To view the tables within a database you can navigate through Administration Explorer view (under Database Administration perspective) and after
successfully connecting to a database, the Tables folder will be shown in the tree that’s presented on the left-hand side of the screen.
By clicking the Tables folder, you will be able to get a list of all the tables available in the Editors area.
Accessing tables through the Data perspective has a different path: you must go through the Data Source Explorer view and open the Schemas folder to obtain a list of the tables that have been defined within the schema chosen.
Figure 19 shows how to access tables in the SAMPLE database using the Database Administration perspective.
Figure 19. Accessing tables with the Database Administration perspective
As you can see, when using the Database Administration perspective, every folder in the Administration Explorer view shows you all existing objects of a particular type (for example, all tables, all schemas, all sequences, and so forth). But when you switch to the Data perspective, navigation follows a top-down hierarchy. Within a database, you can see the schemas, and inside each schemas, you can see tables, views, sequences and so on that have been defined within that schema). You get to choose the way you want to navigate.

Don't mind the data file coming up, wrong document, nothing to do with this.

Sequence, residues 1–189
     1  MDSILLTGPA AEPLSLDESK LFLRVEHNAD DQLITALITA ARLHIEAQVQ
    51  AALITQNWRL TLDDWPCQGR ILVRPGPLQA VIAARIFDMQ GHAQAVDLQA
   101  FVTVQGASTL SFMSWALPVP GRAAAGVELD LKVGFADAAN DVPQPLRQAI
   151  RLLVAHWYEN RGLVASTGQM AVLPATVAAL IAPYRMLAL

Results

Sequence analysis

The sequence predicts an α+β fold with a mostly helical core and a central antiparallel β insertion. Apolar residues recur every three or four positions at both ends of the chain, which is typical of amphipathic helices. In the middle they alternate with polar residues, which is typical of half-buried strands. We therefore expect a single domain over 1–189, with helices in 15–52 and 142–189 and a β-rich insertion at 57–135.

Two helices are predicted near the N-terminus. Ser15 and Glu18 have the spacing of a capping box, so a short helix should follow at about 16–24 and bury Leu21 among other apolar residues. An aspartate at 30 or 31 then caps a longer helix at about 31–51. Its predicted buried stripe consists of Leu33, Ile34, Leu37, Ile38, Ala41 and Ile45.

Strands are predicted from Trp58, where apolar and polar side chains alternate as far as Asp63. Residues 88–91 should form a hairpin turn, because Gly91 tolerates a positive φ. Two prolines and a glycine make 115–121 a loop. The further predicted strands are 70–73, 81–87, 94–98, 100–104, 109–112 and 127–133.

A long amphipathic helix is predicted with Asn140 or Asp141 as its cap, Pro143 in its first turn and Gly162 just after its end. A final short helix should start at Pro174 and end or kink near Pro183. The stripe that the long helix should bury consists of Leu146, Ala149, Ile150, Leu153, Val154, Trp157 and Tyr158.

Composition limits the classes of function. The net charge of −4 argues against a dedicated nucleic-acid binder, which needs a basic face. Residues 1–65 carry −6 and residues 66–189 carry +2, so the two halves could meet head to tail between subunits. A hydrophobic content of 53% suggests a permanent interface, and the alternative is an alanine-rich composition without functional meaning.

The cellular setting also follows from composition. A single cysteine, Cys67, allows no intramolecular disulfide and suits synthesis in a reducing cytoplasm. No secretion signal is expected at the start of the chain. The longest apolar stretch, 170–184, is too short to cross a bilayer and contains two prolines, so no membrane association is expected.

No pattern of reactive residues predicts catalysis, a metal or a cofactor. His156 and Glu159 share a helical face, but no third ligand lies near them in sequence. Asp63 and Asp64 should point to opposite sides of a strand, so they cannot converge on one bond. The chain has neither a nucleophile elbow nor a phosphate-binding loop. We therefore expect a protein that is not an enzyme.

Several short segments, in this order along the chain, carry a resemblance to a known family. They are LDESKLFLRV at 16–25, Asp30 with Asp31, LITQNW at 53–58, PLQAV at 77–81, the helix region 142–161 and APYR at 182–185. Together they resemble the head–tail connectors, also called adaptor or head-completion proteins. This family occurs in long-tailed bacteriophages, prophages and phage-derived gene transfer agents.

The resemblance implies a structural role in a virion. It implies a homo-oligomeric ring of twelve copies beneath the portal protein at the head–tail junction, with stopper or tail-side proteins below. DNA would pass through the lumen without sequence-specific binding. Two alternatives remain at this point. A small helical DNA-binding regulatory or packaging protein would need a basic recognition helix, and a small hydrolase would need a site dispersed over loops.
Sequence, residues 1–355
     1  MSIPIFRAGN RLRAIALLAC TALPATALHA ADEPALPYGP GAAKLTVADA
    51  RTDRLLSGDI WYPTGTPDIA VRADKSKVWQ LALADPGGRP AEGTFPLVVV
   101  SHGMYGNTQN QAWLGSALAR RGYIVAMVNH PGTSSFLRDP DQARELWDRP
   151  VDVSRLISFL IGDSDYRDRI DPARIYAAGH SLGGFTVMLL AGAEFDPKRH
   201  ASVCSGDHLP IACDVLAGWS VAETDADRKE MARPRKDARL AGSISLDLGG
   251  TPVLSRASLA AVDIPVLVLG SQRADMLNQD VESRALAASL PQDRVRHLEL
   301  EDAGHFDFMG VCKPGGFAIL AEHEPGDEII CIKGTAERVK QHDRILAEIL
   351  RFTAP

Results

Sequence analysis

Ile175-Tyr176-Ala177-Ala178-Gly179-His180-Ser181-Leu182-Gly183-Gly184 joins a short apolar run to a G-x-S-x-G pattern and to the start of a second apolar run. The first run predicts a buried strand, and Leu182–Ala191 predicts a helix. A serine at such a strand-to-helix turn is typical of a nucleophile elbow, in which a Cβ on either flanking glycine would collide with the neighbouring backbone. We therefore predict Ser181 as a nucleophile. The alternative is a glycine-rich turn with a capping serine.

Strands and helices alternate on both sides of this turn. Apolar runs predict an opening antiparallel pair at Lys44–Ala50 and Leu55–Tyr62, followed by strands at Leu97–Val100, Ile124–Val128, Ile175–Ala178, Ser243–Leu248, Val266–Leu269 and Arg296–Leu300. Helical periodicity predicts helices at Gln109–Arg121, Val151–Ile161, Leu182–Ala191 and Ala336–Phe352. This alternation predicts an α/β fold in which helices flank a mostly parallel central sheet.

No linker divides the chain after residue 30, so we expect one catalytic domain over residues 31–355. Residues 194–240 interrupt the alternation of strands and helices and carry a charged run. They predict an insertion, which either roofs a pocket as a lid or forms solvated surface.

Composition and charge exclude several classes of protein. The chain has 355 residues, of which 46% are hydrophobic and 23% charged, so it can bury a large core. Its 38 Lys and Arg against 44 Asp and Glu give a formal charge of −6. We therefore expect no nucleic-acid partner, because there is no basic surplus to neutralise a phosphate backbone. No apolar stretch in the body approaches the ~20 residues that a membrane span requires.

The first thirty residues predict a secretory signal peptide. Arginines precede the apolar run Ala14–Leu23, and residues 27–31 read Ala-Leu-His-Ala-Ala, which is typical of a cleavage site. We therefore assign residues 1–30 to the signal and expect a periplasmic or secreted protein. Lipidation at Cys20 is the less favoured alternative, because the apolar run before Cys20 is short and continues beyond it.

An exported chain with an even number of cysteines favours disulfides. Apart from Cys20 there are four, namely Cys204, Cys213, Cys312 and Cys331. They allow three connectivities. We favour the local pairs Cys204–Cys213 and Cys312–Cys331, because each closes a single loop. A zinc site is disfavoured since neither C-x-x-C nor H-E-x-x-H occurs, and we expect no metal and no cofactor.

Right-clicking on a table will show the context menu with all the options that can be performed on that table. And by using this context menu, you can operate the table specified as you wish.
Data Studio also has a diagram editor, which can be used to better visualize a database’s objects and the relationships between them. Figure 20 shows you the menu items that must be selected to invoke the diagram editor.
Figure 20. Invoking the diagram editor
You’ll be prompted to choose additional tables as you wish, and then Data Studio will present the tables you have selected, arranged in a diagram as requested. Figure 21 illustrates how a diagram produced by the diagram editor might look.
Figure 21. The diagram editor interface